This year’s Apple Worldwide Developers Conference (WWDC) wrapped up last Friday in San Francisco, and one of the key highlights of the key annual global conference for developers involved mobile payments.
Along with some other changes involving the upgrade to its new iOS8 mobile operating system, Apple announced that it would open its “Touch ID” fingerprint authentication technology to outside developers.
Currently, Touch ID can only be used by iPhone users to unlock their phones and to make purchases from Apple’s own App and iTunes stores. From now, third-party mobile payment (and banking) apps will theoretically be able to substitute users’ fingerprints for login credentials or mPINs. This will not only take out much of the “friction” of making mobile payments, but in many cases will make them more secure, as far too many consumers rely on woefully weak passwords and mPINs.
Given the lack of any new hardware unveilings or other major announcements, the tech press set on the opening of Touch ID with typical “here’s what’s new at Apple!” enthusiasm, and with a range of responses. While Business Insider breathlessly claimed that the move essentially “fixed” the most important problems slowing the spread of mobile payments, Re/code more modestly called it a “first small step” in Apple’s own plans to become a mobile payments hub.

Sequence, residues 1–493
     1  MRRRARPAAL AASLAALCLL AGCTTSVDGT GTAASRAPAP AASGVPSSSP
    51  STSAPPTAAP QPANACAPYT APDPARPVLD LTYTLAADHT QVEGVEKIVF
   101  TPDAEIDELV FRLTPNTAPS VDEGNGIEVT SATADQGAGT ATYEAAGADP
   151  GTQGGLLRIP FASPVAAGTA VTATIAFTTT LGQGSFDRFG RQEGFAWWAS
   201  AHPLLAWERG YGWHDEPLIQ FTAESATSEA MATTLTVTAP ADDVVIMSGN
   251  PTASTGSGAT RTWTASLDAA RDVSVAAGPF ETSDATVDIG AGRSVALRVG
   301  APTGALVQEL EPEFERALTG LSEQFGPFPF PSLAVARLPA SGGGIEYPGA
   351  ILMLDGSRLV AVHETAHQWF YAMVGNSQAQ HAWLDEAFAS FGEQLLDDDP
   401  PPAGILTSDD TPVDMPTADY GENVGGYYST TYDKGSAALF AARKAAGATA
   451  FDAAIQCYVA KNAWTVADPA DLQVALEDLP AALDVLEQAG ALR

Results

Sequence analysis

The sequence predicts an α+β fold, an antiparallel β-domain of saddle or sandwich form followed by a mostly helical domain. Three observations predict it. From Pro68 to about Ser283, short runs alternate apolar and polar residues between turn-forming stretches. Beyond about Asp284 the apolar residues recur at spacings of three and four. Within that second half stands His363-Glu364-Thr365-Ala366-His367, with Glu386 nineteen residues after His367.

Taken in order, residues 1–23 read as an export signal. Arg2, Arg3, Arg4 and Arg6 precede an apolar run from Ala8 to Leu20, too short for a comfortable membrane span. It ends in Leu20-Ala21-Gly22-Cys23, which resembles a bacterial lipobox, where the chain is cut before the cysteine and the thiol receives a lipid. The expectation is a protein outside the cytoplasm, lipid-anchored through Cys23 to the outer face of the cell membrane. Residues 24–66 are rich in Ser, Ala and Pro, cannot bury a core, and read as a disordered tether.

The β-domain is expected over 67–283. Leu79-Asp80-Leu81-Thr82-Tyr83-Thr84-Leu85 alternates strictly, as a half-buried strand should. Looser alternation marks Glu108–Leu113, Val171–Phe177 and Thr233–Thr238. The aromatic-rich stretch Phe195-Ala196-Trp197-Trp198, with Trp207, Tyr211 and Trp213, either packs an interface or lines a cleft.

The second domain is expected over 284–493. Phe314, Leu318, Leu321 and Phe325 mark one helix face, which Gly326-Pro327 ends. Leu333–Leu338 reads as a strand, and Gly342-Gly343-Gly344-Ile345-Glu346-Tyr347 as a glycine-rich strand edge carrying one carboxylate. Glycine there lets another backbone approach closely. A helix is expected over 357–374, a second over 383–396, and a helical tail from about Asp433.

Our view falls somewhere in the middle. For sure, the added convenience and security offered by biometric authentication technologies like Touch ID could represent a critical breakthrough in terms of consumer behavior. And it won’t hurt to have Apple encouraging its millions of users – with their nearly 1 billion credit cards on file at Cupertino – pushing the cause of mobile payments.
But there are also good reasons not to overplay this story.
First, as we noted earlier this year, it is hugely unlikely that Apple will ever “own” the mobile payments space.
And beyond that, it is not even clear that fingerprints will end up owning the biometric authentication space.
One of Samsung’s most notable mobile flops is its own fingerprint reader, a failure which may lead the company to focus instead on what can be done with its phones’ existing hardware.
“With a built-in high-resolution camera scanning the users’ face, it may be that facial recognition or even the identification of eye veins may be a better way to identify users,” says Cellum CEO János Kóka.